Proposed Tax Increases In France

30.06.10

Please note that this article is over six months old. While Blevins Franks takes care to make sure that information is accurate on the date of publication, some content may change over time. You should not rely on the accuracy of legislation and tax information in this article; take professional advice for your circumstances.

The French government has announced its proposals to reform the state pension system. Under the proposals, the legal retirement age will rise progressively from 60 years to 62 years by 2018. Fro

The French government has announced its proposals to reform the state pension system. Under the proposals, the legal retirement age will rise progressively from 60 years to 62 years by 2018. From 1st July 2011 it will rise by four months for each year, with everyone born in or after 1956 affected. The age at which an individual is entitled to receive a full pension will also increase from 65 to 67 years.

To help the government achieve its goal of balancing the pension books by 2018, a series of tax hikes are included in the reforms. These will come into effect next year and are intended to target more wealthy individuals, particularly those with investment income, stock options and assets to sell. The measures are expected to generate ?3.7 billion in receipts for the government.

Currently these are just draft proposals. The final text has yet to be agreed, and parliament will then vote on it in September. While the government will face pressure to relax the pension reforms, the tax increases will probably meet much less opposition.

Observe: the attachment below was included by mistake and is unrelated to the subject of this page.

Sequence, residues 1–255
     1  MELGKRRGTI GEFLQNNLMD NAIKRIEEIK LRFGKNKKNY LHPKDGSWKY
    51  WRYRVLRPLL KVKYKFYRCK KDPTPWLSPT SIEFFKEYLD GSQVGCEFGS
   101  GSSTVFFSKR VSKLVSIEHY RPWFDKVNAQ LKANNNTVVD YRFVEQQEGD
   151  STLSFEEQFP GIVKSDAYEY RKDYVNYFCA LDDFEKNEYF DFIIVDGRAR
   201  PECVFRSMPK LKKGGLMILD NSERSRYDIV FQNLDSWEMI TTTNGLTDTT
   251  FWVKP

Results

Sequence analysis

The proposed tax increases are –

Income tax – The top rate of income tax, which applies to income in excess of ?69,783, will rise from 40% to 41%.

Capital gains tax – Tax on capital gains will also increase by 1%. The rate for property gains therefore increases from 16% to 17% and for financial assets such as shares and securities the rate increases from 18% to 19%. At the same time the capital gains tax exemption for share gains (where no tax is charged if the sales proceeds are under ?25,830 a year) will be abolished.

Fixed rate on income from capital – The fixed tax rate charged on dividends, bank interest and other investment income will rise from 18% to 19%. Taxpayers have a choice of paying this fixed rate or the normal income tax scale rates, depending on which is more favourable for them. The fixed rate can also apply to overseas investment income arising in the EU, provided an election is made.

Other tax rises – The tax credit of ?115 on dividends will be abolished. Social security contributions on stock option gains will be increased, both for the employer (from 10% to 14%) and for the employee (from 2.5% to 8%).

Bouclier Fiscal – French residents are currently shielded from paying more than 50% of their total income in combined income tax, wealth tax, social changes and local property taxes on the main residence. These new tax increases will however fall outside the Bouclier Fiscal. It is not yet clear how this will work in practice, but France?s wealthiest taxpayers can expect to pay more tax next year.

Tax planning

Despite these tax increases, there remain some very tax efficient solutions for residents of France.

In the current environment, tax planning is becoming increasingly important if you wish to shelter your wealth from unnecessary taxation. This is a highly specialised area, and Blevins Franks have been successfully advising expatriates on reducing tax in France for 35 years. Our tax, wealth management and pension services are dedicated to improving and preserving the wealth of expatriates.

24th June 2010

Tax rates, scope and reliefs may change. Any statements concerning taxation are based upon our understanding of current taxation laws and practices which are subject to change. Tax information has been summarised; individuals should seek personalised advice.

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